John Wiley & Sons, Ltd.

Improving relationship between soil characteristics and metal bioavailability by using reactive fractions of soil parameters in calcareous soils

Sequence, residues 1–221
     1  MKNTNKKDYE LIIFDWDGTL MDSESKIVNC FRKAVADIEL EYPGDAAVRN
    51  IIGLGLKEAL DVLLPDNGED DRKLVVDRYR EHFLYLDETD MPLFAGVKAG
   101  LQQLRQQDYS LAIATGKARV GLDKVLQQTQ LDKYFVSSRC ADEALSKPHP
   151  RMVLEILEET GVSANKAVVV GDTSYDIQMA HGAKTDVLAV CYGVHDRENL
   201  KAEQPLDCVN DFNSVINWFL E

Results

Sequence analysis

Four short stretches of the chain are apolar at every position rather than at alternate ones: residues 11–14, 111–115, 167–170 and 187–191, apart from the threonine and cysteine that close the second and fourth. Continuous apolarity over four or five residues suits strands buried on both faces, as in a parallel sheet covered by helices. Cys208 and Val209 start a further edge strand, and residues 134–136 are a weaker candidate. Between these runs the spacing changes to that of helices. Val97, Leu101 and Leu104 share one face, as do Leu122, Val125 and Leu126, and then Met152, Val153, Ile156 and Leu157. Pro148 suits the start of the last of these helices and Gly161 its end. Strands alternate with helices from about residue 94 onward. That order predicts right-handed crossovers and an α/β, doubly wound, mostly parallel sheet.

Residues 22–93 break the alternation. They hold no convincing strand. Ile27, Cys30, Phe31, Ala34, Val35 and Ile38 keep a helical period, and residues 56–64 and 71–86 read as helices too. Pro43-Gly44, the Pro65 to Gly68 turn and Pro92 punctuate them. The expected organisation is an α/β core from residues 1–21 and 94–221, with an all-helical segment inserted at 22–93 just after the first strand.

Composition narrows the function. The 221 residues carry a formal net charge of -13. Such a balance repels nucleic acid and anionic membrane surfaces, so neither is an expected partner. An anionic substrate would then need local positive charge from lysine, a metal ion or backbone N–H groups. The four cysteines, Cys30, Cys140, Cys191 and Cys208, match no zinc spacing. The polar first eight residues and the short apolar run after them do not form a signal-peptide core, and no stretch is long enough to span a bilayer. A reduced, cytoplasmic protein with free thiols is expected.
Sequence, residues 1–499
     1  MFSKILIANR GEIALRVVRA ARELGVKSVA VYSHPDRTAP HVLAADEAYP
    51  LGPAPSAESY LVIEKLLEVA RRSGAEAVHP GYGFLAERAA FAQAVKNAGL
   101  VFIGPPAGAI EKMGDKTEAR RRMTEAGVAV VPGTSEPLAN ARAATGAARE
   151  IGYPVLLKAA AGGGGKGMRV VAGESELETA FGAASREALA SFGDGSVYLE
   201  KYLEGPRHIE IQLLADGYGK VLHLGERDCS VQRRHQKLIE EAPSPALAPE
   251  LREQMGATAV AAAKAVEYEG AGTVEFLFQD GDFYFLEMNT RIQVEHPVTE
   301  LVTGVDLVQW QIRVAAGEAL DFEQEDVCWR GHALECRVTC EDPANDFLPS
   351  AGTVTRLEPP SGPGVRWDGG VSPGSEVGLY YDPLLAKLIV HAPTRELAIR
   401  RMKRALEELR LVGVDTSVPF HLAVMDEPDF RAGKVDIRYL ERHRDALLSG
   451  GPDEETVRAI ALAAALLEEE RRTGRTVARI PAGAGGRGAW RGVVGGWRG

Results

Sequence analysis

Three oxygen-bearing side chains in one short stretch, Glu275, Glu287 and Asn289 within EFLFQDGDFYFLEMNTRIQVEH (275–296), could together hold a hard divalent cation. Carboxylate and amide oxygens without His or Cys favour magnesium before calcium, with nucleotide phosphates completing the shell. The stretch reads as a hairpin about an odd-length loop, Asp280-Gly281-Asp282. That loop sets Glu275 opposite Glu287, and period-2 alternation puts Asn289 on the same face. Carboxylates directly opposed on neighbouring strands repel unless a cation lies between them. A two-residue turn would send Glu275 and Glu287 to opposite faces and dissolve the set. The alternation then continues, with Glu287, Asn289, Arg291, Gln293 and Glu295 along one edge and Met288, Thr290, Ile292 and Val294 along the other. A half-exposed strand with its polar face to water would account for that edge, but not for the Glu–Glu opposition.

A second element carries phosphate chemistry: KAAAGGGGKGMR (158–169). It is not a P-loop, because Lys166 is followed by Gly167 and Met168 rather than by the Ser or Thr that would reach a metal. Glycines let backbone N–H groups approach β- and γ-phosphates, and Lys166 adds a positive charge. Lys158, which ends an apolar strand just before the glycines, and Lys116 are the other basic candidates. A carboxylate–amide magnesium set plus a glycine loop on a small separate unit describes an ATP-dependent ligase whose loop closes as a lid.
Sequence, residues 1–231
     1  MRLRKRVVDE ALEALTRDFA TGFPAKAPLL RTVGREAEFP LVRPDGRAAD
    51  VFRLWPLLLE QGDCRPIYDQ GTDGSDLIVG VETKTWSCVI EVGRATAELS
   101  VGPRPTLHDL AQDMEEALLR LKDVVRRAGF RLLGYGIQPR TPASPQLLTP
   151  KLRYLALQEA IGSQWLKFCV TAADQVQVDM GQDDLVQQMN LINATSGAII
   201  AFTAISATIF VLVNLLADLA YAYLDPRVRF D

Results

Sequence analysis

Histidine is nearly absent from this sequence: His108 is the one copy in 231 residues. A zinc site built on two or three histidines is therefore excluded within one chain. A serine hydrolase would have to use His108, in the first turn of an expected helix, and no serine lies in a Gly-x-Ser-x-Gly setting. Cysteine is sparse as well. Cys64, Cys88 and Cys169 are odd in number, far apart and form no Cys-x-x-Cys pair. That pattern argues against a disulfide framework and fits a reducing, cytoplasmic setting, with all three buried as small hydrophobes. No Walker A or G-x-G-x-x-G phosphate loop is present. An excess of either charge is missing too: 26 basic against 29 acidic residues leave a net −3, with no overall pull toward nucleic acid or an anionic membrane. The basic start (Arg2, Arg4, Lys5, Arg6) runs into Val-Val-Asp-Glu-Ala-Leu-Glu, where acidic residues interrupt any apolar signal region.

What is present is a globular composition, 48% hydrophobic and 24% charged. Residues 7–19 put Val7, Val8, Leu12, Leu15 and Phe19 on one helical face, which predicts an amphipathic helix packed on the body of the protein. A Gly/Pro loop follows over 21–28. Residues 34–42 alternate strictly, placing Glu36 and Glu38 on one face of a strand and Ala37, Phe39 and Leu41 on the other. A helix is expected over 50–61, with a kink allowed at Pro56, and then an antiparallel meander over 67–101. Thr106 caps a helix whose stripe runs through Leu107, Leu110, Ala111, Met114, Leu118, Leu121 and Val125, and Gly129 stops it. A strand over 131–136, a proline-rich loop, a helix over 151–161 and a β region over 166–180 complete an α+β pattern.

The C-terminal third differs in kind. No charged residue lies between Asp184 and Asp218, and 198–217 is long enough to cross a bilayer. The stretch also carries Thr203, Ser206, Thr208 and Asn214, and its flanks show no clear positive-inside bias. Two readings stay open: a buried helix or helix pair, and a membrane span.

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The contribution of the nature instead of the total content of soil parameters relevant for metal bioavailability in lettuce was tested using a series of low‐polluted Mediterranean agricultural calcareous soils offering natural gradients in the content and composition of carbonate, organic and oxide fractions. We compared two datasets by canonical ordination based on redundancy analysis: total concentrations (TC‐dataset) of main soil parameters (constituents, phases or elements) involved in metal retention and bioavailability; and chemically‐defined reactive fractions of these parameters (RF‐dataset). The metal bioavailability patterns were only satisfactorily explained when using the RF‐dataset and results showed that the proportion of crystalline Fe oxides, dissolved organic C, diethylene‐triamine‐pentaacetic‐acid (DTPA)‐extractable Cu and Zn, and a labile organic pool accounted for 76% of the variance. Additionally, two multipollution scenarios by metal spiking were tested showing better relationships with the RF‐dataset than with the TC one (up to 17% more) and new reactive fractions involved. For Mediterranean calcareous soils, we concluded that the use of reactive pools of soil parameters rather than their total contents, improved the relationships between soil constituents and metal bioavailability. Such pool determinations should be systematically included in studies dealing with bioavailability or risk assessment. Environ Toxicol Chem © 2014 SETAC

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